Jefferson on how Congress misuses the inter-state commerce and general welfare clauses to promote the centralization of power (1825)

Thomas Jefferson

Found in The Works, vol. 12 (Correspondence and Papers 1816-1826)

Barely 8 months before he died, Thomas Jefferson (1743-1826) wrote to the Virginia politician William Giles about the threat posed by the usurpation of states rights by a growing federal power. He identifies inter-state commerce and the “general welfare” clause as especially dangerous:

I see, as you do, and with the deepest affliction, the rapid strides with which the federal branch of our government is advancing towards the usurpation of all the rights reserved to the States, and the consolidation in itself of all powers, foreign and domestic; and that, too, by constructions which, if legitimate, leave no limits to their power. Take together the decisions of the federal court, the doctrines of the President, and the misconstructions of the constitutional compact acted on by the legislature of the federal branch, and it is but too evident, that the three ruling branches of that department are in combination to strip their colleagues, the State authorities, of the powers reserved by them, and to exercise themselves all functions foreign and domestic. Under the power to regulate commerce, they assume indefinitely that also over agriculture and manufactures, and call it regulation to take the earnings of one of these branches of industry, and that too the most depressed, and put them into the pockets of the other, the most flourishing of all.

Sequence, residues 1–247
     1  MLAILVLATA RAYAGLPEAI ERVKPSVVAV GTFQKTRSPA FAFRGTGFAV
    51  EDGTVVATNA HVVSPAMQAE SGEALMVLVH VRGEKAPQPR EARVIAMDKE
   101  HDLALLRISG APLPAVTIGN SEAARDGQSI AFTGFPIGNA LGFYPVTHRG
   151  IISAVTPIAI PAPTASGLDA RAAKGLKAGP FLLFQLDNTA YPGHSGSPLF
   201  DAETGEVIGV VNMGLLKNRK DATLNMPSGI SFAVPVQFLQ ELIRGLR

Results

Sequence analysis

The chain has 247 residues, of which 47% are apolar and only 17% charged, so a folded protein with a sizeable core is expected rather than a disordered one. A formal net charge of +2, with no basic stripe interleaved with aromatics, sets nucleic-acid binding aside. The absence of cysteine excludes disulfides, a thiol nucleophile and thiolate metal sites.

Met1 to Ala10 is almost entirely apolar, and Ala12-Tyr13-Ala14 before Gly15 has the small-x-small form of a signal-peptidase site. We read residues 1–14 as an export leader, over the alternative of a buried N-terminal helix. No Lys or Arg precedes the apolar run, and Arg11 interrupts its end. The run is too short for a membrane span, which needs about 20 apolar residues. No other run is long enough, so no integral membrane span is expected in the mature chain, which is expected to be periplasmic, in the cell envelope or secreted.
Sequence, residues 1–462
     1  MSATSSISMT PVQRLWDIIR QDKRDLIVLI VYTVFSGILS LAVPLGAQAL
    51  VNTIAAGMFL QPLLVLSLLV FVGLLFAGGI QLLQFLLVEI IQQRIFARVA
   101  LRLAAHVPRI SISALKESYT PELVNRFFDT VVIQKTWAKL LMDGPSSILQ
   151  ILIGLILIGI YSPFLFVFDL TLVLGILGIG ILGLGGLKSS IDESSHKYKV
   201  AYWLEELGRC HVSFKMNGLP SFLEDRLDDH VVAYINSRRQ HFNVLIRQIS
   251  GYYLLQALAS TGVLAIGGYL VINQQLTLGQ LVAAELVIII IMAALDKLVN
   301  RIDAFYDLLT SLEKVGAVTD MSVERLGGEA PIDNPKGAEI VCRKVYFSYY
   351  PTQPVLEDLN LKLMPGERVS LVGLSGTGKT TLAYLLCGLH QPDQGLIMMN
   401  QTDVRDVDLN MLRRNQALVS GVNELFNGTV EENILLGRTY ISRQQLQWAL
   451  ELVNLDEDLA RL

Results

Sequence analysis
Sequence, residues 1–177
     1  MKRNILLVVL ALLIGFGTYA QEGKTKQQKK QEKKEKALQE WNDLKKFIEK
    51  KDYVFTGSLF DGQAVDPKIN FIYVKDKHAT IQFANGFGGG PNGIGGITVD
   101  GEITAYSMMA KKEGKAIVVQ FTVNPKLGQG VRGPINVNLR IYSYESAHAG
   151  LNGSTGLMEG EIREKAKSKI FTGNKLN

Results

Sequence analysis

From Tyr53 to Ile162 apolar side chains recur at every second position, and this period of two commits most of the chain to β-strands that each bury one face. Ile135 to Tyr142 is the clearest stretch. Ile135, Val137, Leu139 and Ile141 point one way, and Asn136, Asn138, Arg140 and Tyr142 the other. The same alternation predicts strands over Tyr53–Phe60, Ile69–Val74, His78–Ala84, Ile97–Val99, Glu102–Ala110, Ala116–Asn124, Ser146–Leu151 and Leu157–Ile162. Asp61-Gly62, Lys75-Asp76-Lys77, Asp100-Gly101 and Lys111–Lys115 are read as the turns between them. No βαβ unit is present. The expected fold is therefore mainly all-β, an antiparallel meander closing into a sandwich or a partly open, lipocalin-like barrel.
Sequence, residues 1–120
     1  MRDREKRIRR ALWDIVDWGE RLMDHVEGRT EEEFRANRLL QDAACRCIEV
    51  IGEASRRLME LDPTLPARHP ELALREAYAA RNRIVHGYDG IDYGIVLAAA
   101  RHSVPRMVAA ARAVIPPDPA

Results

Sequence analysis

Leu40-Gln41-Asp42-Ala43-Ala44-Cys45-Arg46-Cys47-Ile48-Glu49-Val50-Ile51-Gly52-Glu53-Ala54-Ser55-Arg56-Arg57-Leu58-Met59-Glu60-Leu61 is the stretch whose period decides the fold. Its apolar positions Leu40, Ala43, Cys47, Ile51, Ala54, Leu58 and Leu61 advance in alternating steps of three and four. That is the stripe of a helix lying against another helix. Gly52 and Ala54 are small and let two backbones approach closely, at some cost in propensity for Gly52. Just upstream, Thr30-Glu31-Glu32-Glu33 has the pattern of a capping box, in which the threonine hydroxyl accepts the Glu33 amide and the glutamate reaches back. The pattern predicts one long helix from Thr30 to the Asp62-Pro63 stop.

Even by 1825 Jefferson was fearful that the growing central powers of the federal government were encroaching upon those of the states. In this insightful letter to his colleague and friend William Giles, Jefferson notes that Congress was twisting the intent of federal law regarding inter-state commerce to regulate all economic activity and to subsidize one group at the expense of another; and to expand the notion of promoting the “general welfare” to allow corrupt politicians to engage in costly “internal improvements”. His sad conclusion was that the net result would be the creation of “a single and splendid government of an aristocracy, founded on banking institutions, and moneyed incorporations under the guise and cloak of their favored branches of manufactures, commerce and navigation, riding and ruling over the plundered ploughman and beggared yeomanry.”